Rise in Rail Shipments a Sign of Rebound in Canada

Freight trains and oil tankers sit in a rail yard in Toronto, Ontario.
Freight trains and oil tankers sit in a rail yard in Toronto, Ontario. (James MacDonald/Bloomberg News)

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One of Canada’s railways is seeing signs the economy is slowly bouncing back from the coronavirus pandemic.

Volumes rose 4% at Canadian National Railway Co. in the last week of May as manufacturing and construction sectors reopened, said Chief Financial Officer Ghislain Houle. While the recovery is expected to be slow, it’s a positive sign after shipments hit bottom last month, he said.

“I think we’re seeing the light at the end of the tunnel,” Houle said June 2 at the UBS Global Industrials & Transportation virtual conference. “Hopefully, it will hold.”

Rail volumes fell sharply during the height of the pandemic as manufacturers cut production amid shutdowns to contain the outbreak. CN laid off 4,000 employees and put 710 locomotives and 20,000 rail cars in storage in response to lower demand.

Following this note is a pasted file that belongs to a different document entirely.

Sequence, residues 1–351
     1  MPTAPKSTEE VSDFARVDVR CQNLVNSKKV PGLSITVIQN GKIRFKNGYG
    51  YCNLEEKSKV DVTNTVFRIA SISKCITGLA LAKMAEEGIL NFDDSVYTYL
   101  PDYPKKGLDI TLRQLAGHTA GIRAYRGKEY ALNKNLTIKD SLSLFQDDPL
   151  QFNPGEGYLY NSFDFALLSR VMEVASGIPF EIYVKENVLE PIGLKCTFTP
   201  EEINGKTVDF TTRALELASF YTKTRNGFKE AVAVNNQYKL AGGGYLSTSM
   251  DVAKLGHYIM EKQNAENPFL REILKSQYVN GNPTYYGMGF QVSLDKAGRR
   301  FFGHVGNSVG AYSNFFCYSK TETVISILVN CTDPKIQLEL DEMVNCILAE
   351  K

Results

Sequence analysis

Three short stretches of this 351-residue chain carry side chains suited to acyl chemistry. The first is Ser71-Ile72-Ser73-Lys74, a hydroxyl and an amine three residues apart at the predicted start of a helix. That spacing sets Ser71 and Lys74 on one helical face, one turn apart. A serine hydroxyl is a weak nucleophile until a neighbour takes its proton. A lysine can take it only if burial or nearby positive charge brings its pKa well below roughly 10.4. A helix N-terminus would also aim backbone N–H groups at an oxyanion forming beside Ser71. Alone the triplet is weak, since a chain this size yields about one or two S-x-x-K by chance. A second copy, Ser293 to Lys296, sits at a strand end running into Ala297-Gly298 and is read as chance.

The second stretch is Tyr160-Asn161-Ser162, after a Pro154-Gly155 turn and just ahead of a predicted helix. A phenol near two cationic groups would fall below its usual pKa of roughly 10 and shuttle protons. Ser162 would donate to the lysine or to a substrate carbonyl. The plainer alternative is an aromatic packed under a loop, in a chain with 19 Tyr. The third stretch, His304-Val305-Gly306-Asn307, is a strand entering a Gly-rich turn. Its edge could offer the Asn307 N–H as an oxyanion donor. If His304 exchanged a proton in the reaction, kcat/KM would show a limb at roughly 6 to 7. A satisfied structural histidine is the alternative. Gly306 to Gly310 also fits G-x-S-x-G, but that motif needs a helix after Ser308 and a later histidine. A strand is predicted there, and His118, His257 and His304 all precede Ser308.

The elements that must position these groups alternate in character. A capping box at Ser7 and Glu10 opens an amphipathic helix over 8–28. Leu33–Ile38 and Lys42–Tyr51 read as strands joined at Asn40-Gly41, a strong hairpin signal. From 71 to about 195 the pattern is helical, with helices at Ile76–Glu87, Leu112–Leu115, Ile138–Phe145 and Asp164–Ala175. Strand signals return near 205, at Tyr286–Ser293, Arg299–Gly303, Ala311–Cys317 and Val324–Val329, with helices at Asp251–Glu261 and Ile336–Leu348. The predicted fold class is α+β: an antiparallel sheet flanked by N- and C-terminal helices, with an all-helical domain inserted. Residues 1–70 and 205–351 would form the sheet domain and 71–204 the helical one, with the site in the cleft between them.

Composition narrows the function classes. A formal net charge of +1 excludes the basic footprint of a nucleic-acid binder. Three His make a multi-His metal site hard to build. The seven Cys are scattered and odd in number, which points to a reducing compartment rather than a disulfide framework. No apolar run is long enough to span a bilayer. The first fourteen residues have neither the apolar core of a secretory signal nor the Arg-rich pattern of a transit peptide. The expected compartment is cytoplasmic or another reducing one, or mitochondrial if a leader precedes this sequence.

Things started to pivot during the last week of May when lumber shipments rose 20% and automotive volumes climbed 60% from the previous week, Houle said. The railway is bullish on grain and coal shipments through the West Coast while crude and frack-sand shipments will probably remain under pressure amid low oil prices, he said.

The railway will be “patient” before returning locomotives, cars and crews back to its network. Volumes in June are expected to be “less worse” than May but still lower than a year ago, Houle said. The recovery will probably be gradual as social-distancing rules continue across parts of North America amid concerns there could be a second wave of the virus, he said.

“It’s not all a rush at the gate,” Houle said. “It’s gradual.”

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